African Influences on Carnival Traditions

pink and yellow mask
Photo by Marta Branco on Pexels.com

Photo by Pixabay on Pexels.com

Important to Caribbean festival arts are the ancient African traditions of parading and moving in circles through villages in costumes and masks. Circling villages was believed to bring good fortune, to heal problems, and chill out angry relatives who had died and passed in the next world. Carnival traditions also borrow from the African tradition putting together natural objects (bones, grasses, beads, shells, fabric) to create a piece of sculpture, a mask, or costume-with each object or combination of objects representing a certain idea or spiritual force.

green and blue peacock feather
Photo by Anjana C on Pexels.com

Feathers were frequently used by African in their motherland on masks and headdresses as a symbol of our ability as humans to rise above problems, pains, heartbreaks, and illness-to travel to another world to be reborn and to grow spiritually. Today, we see feathers used in many, many forms in creating carnival costumes.

group of women wearing green and white dresses
Photo by Vinicius Vilela on Pexels.com

African dance and music traditions transformed the early carnival celebrations in the Americas, as African drum rhythms, large puppets, stick fighters, and stilt dancers began to make their appearances in the carnival festivities.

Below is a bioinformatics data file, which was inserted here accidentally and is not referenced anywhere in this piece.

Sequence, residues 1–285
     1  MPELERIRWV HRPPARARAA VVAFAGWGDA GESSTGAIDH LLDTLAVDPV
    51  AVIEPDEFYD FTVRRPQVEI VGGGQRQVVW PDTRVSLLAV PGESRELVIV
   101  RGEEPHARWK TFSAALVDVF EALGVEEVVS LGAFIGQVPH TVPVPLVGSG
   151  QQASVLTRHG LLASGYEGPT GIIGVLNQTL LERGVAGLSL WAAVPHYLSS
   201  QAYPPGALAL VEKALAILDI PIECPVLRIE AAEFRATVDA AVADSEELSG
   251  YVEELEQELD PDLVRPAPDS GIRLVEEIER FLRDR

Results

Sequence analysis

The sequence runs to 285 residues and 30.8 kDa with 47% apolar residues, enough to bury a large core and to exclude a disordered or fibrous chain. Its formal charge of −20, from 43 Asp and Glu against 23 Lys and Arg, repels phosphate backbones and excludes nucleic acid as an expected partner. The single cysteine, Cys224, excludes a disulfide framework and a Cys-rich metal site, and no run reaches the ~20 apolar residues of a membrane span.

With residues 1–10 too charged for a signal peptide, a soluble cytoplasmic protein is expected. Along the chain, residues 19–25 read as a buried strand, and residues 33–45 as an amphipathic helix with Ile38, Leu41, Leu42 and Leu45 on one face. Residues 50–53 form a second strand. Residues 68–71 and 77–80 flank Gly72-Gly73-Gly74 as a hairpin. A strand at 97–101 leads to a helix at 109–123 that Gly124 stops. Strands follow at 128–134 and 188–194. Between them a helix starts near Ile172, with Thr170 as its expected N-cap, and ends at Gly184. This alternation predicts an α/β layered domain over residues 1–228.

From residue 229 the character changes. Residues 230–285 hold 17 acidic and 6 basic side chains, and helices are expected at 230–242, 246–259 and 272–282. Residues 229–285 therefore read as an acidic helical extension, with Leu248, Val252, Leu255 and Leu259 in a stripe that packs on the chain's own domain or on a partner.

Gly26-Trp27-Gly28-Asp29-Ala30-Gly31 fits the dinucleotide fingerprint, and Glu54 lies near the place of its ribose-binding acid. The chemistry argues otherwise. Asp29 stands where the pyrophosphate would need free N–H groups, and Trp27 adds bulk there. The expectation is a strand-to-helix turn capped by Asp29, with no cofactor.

In many parts of the world, where Catholic Europeans set up colonies and entered into the slave trade, carnival took root. Brazil, once a Portuguese colony, is famous for its carnival, as is Mardi Gras in Louisiana (where African-Americans mixed with French settlers and Native Americans). Carnival celebrations are now found throughout the Caribbean in Barbados, Jamaica, Grenada, Dominica, Haiti, Cuba, St. Thomas, St. Marten; in Central and South America in Belize, Panama, Brazil; and in large cities in Canada and the US where Caribbean people have settled, including Brooklyn, Miami, and Toronto. Even San Francisco has a carnival!

Source: Jamaica Observer

Visit http://www.nomadicnoni.com to learn more before you go and to plan your next adventure!

Theresa Noni Charles, Cultural Travel Planner. Educator. Explorer.

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